It’s that time of year again–the Hour of Code is (almost) here.
The Hour of Code is just that–one hour of coding, done at any point during Computer Science Education Week (Dec. 4-10). Educators can find all the information they need here, such as how to get started, which activities to choose and how to promote computer science on a regular basis.
The need to focus more on computer science learning frameworks and opportunities is evident–last year, a two-year Google study exposed racial and gender disparities in computer science education, and it is well-documented that girls tend to lose interest in and disengage from STEM activities by the time they reach middle school.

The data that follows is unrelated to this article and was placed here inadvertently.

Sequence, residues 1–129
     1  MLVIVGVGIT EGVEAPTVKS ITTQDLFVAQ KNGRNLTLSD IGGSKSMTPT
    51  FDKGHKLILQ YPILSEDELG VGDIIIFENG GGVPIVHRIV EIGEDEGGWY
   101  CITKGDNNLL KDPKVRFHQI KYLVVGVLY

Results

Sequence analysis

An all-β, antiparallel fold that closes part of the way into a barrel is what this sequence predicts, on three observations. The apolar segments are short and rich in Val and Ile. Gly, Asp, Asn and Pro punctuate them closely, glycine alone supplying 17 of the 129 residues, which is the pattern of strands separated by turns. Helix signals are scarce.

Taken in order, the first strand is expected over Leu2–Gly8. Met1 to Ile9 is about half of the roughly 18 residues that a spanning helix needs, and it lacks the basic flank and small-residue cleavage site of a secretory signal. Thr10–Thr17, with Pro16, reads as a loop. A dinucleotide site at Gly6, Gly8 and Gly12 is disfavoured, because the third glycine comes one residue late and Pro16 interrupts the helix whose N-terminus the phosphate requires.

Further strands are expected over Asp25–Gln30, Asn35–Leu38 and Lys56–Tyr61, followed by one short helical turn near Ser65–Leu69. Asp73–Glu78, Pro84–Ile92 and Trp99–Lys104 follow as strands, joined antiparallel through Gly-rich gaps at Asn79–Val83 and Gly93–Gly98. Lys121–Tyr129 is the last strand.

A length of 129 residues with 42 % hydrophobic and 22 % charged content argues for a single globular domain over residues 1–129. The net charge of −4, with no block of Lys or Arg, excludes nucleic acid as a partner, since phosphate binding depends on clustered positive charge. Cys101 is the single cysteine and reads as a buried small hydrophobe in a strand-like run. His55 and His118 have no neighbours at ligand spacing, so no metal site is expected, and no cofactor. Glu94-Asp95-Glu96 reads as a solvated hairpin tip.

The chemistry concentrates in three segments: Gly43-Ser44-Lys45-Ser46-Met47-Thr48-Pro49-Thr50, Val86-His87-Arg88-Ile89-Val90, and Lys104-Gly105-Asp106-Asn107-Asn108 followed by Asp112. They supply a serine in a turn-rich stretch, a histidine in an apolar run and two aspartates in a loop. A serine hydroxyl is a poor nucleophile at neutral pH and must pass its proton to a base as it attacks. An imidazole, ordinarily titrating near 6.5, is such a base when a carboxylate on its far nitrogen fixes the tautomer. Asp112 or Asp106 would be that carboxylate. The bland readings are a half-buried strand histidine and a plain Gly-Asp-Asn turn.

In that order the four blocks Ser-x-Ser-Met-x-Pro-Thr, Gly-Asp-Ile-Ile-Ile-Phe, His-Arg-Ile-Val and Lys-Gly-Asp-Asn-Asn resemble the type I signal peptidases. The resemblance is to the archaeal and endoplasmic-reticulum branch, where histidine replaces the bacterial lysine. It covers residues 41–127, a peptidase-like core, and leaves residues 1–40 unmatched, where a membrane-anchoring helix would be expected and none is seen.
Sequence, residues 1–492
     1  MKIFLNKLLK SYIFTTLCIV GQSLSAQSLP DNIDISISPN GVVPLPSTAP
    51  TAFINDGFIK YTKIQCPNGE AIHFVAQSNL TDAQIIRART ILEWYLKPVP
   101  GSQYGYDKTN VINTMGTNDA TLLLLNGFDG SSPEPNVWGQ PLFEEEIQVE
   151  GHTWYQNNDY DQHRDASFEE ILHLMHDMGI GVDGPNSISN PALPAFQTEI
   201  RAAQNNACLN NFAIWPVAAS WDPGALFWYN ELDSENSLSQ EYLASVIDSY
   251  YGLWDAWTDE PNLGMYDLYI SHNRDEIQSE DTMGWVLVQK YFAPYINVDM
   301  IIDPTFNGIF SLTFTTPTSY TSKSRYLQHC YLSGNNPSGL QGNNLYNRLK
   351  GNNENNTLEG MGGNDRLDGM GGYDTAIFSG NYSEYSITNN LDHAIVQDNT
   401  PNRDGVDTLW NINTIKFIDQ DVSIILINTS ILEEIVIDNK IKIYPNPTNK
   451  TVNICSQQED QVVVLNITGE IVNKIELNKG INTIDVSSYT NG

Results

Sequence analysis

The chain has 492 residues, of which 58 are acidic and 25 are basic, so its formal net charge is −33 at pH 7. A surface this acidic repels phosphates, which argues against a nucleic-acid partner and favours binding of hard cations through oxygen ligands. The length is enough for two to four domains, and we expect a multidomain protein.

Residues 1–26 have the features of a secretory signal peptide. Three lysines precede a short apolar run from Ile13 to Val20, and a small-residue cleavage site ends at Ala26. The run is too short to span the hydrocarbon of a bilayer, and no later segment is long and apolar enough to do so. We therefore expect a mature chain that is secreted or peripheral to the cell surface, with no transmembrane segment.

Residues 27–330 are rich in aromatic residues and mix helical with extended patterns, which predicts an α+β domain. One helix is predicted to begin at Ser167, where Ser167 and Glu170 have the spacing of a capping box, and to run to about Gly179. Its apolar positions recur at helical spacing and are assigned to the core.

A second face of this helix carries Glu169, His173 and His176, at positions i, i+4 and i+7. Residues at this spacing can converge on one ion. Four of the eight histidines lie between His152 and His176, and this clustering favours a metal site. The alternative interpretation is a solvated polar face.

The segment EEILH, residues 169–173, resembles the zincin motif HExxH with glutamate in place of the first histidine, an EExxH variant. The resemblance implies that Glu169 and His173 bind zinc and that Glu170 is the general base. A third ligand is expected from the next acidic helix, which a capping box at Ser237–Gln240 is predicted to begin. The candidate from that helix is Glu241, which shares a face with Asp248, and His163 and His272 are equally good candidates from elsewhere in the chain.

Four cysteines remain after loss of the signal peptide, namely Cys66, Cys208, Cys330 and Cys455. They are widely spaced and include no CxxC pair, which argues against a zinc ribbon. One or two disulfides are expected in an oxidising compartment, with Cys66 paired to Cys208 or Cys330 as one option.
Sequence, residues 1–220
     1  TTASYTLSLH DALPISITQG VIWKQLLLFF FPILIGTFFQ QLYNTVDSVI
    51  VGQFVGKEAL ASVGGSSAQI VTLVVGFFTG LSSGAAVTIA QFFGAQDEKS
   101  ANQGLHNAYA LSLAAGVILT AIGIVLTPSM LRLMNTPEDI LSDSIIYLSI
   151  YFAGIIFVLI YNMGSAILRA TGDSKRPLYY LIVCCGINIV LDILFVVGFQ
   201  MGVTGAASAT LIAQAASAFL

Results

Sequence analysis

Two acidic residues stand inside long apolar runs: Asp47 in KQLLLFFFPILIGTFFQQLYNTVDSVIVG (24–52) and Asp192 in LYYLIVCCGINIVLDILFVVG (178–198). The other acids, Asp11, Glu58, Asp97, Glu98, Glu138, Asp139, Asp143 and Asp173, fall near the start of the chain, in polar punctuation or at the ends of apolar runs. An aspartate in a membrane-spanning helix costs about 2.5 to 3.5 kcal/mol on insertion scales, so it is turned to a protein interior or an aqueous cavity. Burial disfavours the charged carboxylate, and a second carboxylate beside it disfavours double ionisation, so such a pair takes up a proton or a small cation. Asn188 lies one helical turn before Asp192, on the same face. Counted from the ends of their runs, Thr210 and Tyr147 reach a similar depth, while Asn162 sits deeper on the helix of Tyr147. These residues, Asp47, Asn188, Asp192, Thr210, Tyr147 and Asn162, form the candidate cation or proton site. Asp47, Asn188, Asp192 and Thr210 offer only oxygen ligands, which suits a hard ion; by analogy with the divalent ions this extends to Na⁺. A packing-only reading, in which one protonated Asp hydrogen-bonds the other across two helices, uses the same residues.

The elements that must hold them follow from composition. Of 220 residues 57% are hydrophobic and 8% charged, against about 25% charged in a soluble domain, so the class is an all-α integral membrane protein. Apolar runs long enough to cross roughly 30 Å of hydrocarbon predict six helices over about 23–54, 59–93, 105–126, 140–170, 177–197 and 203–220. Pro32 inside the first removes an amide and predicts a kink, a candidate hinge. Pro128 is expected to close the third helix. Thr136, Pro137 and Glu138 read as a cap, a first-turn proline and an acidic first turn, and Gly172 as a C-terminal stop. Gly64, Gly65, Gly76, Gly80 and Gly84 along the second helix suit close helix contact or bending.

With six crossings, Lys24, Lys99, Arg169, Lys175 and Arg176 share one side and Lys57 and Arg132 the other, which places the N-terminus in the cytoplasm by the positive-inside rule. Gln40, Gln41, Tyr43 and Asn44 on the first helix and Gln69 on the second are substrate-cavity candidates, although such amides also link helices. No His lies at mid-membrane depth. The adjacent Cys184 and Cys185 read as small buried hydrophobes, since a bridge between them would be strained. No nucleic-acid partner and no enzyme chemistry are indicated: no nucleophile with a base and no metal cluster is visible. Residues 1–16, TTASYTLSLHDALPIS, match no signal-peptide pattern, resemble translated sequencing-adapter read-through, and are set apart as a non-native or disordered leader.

Part of the goal is to interest students in coding beyond the Hour of Code, and to encourage students to explore how they can use coding in their everyday lives.
Computer science education also has important implications for students’ success in their adult lives. Right now, 71 percent of all new jobs in STEM are in computing, but just 8 percent of STEM graduates are in computer science, according to Code.org data.